Excuse the hell outta me while I get my Kiwi buzz on…
Amazon’s The Boys has not one, but TWO Kiwi leads. I tell you, we are like a virus, once you catch us, you can’t get rid of us.
It’s not just any old TV, either. It’s good, really bloody good. The kind of show it’s hard to turn off.
I imagine that’s hard to believe in these days of post-Endgame “superhero fatigue”, but it’s true. The Boys is crucial telly, mostly because it merciless take the piss out of superheroes.
You can read more about why I reckon this show is so great in The Sunday Star Times, but suffice it to say, the show would be nothing with out it’s two Kiwi frontmen.
First up is Karl Urban (Lord of the Rings, Star Trek, Thor: Ragnarok), who plays the amoral, often immoral, Billy Butcher, a soldier of fortune whose life was ruined by Superheroes long ago.
Now Butcher makes it his business to expose the hubris, entitlement, hypocrisy and danger of “Supes” whenever he can. Or, you know, just plain kill them.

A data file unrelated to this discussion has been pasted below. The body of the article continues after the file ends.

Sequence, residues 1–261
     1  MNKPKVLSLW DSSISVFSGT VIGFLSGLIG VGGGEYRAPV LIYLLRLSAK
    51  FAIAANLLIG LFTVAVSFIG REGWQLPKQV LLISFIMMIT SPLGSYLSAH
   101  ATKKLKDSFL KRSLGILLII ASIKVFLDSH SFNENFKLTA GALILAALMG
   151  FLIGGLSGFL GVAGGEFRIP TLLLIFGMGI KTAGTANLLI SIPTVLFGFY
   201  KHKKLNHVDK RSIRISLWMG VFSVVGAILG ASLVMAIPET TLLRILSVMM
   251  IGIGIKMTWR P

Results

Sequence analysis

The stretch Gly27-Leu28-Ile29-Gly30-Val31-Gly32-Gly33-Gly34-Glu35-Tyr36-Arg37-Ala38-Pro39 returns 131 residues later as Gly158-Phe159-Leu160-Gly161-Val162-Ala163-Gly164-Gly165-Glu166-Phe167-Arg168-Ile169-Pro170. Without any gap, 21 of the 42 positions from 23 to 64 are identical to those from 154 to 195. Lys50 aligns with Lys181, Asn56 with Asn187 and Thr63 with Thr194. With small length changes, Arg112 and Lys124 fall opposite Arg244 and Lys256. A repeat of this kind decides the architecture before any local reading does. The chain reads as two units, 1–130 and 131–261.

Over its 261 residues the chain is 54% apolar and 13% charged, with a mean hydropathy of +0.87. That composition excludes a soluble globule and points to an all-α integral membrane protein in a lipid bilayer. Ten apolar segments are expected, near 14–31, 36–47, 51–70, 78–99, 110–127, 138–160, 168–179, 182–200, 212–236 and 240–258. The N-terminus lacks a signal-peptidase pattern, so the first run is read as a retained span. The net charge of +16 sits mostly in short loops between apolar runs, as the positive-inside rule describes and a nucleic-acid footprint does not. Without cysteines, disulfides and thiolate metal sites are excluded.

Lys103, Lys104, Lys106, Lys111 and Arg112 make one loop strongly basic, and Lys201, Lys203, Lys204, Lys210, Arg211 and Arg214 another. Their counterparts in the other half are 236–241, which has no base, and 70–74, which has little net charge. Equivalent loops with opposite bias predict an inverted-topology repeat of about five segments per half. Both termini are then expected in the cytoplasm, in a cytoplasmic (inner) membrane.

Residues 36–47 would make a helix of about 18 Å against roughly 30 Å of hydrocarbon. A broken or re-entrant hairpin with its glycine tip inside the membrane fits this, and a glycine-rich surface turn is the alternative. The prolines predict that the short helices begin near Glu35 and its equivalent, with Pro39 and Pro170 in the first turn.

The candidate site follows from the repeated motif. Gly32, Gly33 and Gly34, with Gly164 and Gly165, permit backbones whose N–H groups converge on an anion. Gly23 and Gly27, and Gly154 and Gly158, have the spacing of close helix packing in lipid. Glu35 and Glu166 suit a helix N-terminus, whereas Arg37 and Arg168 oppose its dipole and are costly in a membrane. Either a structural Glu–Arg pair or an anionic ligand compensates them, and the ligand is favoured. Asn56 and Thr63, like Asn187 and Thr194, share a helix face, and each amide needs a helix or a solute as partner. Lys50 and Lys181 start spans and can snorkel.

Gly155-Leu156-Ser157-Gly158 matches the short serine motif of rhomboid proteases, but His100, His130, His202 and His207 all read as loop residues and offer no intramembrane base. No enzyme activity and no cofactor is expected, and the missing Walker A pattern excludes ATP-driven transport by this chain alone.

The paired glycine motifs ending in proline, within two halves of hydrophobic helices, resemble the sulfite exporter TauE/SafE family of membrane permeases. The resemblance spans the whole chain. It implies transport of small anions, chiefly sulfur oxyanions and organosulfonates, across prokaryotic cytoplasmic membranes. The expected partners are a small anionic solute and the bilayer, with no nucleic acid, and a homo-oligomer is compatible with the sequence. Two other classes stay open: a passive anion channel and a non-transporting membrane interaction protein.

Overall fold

Urban clearly relishes this role as a hard man with a heart, well, a heart buried deep in the black tar dripping cavern that passes for his soul.
If I have any criticisms of him in the role, it’s that he’s possibly too warm to play the part as it was written in the Garth Ennis books: Butcher by name and nature, the character is truely twisted by his hatred of superheroes.
That and is his flip flop accent that’s 3 parts Dick Van Dyke, 4 parts Ponsonby Road. Urban does his best to differentiate his Eastender drag from his over the top “barra-boy” accent in Thor, but it’s much of a muchness.
While I do think they should have cut their losses and just made Butcher a Kiwi, he’s still a compelling character and Urban gives it some welly.
He can’t compete, however, with Antony Starr (Outrageous Fortune, Banshee) who plays Butcher’s arch-nemesis, Homelander.
God, where do I start with the performance? OK, first of all, I didn’t even realise it was Starr until about two episodes in. I thought they’d found some US unknown who was giving it his all everything in just inhabiting the role of a life time.
Starr is so good, so good, as the two faced, morally bankrupt, megalomaniacal leader of the “Supes” that I will eat my own hat if he doesn’t get an Emmy nod next year.
Flip flopping between patronising, avuncular master-of-all-he-surveys, and despot, Starr really amps up the creepy and the crazy.
It makes what could have been a hammy, awkward performance in less deft hands, something truly chilling.
It’s all part of why this is crucial post-Endgame superhero TV. If there was ever a time to deconstruct what superheroes really represent to some folks, then it’s now. And The Boys nails it.